Risk Assessment Elimination, preventation and protection Information and awareness raising Training Reporting Response and follow up Implementation Sharps Directive implementation The Directive aims to achieve the safest possible working environment and prevent sharps injuries across the healthcare sector. It establishes an integrated approach establishing policies in risk assessment, risk protection, training, information, awareness raising and monitoring. It is legally binding across the EU and there are penalties for non compliance with its requirements. The Directive came into legal force in all 28 EU Member States in May 2013. However, the Directive has not been universally implemented geographically across the EU and in non-traditional settings, including primary and homecare and dental surgeries,
and with agency and self-employed staff. The Sharps Directive itself allows its application to be reviewed by the Commission after five years if requested by the parties to the agreement, EPSU and HOSPEEM. EBN 2016 survey of implementation The online survey conducted in 2016 found a number of possible Causes for Concern A significant number of countries reported 66.30%that awareness of legislation, training 33.70% 17.46% 20.10% 67.90% of staff and the procurement of safety engineered devices were more limited. 35.07% A small number of member states had 83.06% consistently lower levels of awareness and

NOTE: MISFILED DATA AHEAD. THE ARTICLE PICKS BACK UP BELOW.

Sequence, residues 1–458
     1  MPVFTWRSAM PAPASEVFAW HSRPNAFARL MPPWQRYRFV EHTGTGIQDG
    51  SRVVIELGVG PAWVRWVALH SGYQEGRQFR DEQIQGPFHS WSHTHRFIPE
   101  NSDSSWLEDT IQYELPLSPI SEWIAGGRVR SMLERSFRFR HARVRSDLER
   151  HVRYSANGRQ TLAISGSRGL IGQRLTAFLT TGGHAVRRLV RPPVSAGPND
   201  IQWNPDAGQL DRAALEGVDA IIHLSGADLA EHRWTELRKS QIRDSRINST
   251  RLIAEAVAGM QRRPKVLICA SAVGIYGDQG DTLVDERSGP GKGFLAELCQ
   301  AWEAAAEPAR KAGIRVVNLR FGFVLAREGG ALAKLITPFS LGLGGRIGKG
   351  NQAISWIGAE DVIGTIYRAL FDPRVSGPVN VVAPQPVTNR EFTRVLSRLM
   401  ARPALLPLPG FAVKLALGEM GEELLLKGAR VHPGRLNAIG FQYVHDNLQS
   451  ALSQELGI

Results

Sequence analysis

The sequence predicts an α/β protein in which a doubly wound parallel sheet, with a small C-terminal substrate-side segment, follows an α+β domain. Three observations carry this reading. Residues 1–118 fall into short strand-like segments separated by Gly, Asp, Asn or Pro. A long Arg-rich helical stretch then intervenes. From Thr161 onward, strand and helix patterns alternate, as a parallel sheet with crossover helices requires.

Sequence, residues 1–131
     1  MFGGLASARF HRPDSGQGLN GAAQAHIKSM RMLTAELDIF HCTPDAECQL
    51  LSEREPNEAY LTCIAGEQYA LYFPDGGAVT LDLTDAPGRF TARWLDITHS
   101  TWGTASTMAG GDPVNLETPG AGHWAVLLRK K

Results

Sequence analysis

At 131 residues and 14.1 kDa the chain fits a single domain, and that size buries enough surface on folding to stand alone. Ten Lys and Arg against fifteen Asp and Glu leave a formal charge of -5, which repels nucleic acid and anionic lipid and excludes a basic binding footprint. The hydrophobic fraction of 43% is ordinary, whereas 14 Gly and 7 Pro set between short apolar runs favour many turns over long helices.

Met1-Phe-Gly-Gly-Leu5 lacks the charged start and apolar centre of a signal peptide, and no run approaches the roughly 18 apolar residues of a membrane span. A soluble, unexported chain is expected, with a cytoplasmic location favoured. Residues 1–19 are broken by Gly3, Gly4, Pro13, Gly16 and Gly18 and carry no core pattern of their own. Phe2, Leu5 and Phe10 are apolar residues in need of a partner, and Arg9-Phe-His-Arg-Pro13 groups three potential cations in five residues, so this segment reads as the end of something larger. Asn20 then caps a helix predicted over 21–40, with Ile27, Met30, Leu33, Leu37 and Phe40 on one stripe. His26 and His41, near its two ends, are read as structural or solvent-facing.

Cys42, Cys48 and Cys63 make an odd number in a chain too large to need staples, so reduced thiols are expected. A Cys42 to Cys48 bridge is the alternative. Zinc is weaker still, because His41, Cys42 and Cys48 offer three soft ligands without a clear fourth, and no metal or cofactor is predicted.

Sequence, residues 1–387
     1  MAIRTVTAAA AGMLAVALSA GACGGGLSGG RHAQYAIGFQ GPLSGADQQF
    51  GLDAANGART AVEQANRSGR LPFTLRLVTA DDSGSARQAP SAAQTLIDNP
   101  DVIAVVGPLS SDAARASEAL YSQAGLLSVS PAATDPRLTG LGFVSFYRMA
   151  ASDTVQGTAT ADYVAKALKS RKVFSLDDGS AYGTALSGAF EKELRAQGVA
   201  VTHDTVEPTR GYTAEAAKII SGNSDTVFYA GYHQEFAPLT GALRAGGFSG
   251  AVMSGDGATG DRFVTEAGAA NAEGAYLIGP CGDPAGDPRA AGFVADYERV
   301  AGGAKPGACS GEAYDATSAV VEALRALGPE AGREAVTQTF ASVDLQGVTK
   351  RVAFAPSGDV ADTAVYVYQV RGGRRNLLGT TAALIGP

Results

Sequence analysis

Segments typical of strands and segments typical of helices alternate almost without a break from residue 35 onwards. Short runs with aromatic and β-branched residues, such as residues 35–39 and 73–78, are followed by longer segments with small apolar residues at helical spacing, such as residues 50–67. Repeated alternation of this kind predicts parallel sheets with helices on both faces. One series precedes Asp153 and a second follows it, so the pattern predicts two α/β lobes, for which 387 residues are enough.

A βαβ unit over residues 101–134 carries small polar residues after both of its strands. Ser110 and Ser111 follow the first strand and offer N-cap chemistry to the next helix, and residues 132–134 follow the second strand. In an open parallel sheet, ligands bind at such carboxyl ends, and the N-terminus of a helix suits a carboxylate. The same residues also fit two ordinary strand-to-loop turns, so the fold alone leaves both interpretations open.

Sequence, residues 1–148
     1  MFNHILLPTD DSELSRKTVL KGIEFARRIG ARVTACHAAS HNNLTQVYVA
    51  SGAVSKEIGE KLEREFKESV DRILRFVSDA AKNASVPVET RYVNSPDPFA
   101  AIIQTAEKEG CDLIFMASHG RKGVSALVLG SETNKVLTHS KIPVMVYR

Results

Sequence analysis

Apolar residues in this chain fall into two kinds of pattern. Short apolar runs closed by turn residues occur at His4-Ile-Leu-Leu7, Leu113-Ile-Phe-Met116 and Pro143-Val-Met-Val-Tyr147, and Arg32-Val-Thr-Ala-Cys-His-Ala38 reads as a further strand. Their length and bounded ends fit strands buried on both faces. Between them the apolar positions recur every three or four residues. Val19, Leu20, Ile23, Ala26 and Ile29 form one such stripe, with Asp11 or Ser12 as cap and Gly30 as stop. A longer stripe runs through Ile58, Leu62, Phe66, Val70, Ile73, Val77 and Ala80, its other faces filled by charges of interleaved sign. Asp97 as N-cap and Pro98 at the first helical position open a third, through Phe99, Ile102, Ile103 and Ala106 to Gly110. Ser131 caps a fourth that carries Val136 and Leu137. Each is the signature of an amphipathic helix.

compliance with the Sharps Directive across all questions. 16.94% In a number of countries where compliance is generally good, use of some specific 32.10% 79.90%is more categories of safety engineered devices, such as injection devices, restricted. 26.30% 73.70% 82.54% Agency, contract and self-employed staff are either not covered or less aware of the legislation or regulations and thus more at risk of breaching the Sharps Directive. Care homes, long-term care settings and dental practices are generally underperforming with regard to safer sharps awareness and uptake. Inspections in United Kingdom HSE has conducted 40 inspections in UK on compliance with Health and Safety (Sharp Instruments in Healthcare) Regulations 2013 which derive from the Sharps Directive.